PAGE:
Type in urban poverty trends into Google Scholar and top of the list is a paper that I co-authored, published in World Development in 1999. Not very encouraging. If you scan the World Bank and DFID web sites for urban work there is not much.
The one thing I did find is a powerpoint from 2009 by Judy Baker of the World Bank, presenting numbers (although where they come from I don't know) on the urban share of total poor (less than $2.15 a day 1993-2002) which show the numbers increasing for Latin America (no surprise), but also for South Asia and Sub-Saharan Africa. In the latter region the share of poverty in urban areas rises from 24% in 1993 to 31% in 2002--nearly one ppt per year.
For India we have a paper by Datt and Ravallion from 2010 which shows the share of India's poor living in urban areas rising from 25% in 1985 to 35% in 2005 or 0.5 ppt a year. So why no major emphasis on urban poverty in the development agencies (or research organisations?). Is it because:
- urban poverty and rural poverty are so similar in nature? (they are similar in many ways but some key differences revolve around environmental externalities due to population density, violence, and fragile tenure)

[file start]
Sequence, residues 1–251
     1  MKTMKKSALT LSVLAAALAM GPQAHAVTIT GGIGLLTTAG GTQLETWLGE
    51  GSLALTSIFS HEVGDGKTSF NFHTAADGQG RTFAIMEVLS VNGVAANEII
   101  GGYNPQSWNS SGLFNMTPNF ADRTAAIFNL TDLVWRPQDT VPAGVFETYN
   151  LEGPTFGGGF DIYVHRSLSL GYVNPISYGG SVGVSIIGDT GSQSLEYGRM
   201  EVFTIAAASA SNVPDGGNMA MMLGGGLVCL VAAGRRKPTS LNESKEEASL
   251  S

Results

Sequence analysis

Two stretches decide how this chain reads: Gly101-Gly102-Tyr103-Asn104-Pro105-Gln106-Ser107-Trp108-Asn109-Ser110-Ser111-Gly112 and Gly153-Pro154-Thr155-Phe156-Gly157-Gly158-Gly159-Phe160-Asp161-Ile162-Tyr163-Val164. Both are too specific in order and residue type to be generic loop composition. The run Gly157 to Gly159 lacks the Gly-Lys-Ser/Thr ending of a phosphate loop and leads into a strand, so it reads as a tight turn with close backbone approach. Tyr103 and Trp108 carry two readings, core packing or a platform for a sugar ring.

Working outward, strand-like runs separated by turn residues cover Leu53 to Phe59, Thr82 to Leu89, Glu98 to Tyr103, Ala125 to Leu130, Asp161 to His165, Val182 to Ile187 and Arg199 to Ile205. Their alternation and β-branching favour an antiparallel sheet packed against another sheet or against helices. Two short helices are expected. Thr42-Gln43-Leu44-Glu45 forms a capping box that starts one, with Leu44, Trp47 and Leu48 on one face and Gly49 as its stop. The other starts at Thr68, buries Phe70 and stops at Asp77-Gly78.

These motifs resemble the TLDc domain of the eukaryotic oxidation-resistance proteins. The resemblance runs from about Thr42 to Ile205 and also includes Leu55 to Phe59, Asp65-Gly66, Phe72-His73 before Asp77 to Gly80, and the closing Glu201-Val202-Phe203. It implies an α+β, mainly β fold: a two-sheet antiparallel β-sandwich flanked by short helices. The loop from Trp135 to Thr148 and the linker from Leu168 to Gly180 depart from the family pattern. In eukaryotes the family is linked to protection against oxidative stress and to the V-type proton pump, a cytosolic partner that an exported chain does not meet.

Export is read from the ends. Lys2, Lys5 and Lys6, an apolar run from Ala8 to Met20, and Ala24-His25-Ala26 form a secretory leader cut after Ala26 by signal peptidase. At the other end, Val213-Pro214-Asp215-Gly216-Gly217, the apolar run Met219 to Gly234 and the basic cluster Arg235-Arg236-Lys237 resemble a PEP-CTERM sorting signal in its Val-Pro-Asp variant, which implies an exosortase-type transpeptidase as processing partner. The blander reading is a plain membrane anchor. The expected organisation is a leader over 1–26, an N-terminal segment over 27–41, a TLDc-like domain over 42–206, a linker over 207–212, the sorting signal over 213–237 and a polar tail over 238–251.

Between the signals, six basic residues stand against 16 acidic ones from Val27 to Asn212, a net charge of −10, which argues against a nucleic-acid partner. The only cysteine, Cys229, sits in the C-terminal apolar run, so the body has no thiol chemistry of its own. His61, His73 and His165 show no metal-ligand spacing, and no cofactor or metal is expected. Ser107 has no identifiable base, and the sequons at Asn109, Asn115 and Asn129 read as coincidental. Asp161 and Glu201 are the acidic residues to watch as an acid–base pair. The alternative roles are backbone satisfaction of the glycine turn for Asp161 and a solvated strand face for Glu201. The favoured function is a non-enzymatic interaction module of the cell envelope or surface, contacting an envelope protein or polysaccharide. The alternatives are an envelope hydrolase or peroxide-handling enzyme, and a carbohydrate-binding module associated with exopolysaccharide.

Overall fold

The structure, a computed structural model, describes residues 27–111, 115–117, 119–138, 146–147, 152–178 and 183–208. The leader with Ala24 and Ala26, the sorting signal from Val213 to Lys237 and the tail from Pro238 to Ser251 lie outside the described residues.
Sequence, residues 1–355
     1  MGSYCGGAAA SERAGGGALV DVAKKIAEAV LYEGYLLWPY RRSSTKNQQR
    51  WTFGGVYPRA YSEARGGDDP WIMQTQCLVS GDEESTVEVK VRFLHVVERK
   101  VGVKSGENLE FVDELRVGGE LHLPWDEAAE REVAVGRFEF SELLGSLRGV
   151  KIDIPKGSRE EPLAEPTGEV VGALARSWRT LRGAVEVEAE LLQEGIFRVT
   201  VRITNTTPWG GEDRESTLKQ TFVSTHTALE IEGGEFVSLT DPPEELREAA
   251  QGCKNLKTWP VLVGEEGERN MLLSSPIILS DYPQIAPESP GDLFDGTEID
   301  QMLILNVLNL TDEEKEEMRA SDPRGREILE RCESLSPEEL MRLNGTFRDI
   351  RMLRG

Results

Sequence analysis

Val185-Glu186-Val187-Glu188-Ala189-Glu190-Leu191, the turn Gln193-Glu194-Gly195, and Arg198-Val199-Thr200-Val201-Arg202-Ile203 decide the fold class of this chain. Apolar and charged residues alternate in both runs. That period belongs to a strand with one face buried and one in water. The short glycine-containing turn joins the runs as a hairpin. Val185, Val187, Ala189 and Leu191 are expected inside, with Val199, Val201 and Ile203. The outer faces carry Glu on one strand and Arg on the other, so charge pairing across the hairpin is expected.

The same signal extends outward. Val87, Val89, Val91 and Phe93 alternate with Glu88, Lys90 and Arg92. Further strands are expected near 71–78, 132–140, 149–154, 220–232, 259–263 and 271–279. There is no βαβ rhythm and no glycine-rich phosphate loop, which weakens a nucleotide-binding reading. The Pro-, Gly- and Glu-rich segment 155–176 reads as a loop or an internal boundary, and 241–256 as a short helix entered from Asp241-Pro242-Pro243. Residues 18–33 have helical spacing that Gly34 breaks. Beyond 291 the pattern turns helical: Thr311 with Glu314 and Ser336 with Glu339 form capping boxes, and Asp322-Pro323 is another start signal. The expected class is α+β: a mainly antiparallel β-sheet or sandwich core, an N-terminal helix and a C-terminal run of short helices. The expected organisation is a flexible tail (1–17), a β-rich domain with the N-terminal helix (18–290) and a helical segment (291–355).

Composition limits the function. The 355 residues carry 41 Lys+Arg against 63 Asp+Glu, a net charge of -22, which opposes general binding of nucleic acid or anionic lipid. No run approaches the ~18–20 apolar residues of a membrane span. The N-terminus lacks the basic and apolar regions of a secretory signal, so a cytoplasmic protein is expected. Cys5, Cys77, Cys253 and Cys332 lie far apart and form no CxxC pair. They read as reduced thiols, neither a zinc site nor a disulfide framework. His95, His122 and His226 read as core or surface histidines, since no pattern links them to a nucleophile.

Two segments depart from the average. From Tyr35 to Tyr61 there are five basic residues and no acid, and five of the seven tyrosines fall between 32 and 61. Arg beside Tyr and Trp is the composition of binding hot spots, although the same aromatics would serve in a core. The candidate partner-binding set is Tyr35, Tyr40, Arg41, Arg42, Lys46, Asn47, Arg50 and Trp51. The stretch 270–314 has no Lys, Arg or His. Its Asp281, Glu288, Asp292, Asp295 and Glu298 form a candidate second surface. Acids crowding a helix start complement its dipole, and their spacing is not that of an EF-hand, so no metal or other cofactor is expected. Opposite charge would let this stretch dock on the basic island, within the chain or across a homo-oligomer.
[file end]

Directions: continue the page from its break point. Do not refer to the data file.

- the policies and programmes needed to reduce urban poverty are similar to rural poverty? (again, some are, but some --such as municipal public goods provision--need to be very attuned to urban contexts)
- there is now a rural bias? (Michael Lipton, a guru, will not like me saying it, but have we gotten lazy about assuming urban bias still prevails-those who shout loudest are in urban areas near policymakers and they get their needs met first)
- all the 40 and 50 year old development professionals were taught to understand rural poverty and not urban poverty? (I think there is something to this--I have fond memories of Bruce Johnston's Integrated Rural Development)
- the data on urban poverty are so weak and non-existent? (they are pretty poor--just check out these World Bank data pages)
- of path dependency? (yep, its so easy to keep on doing what we are doing).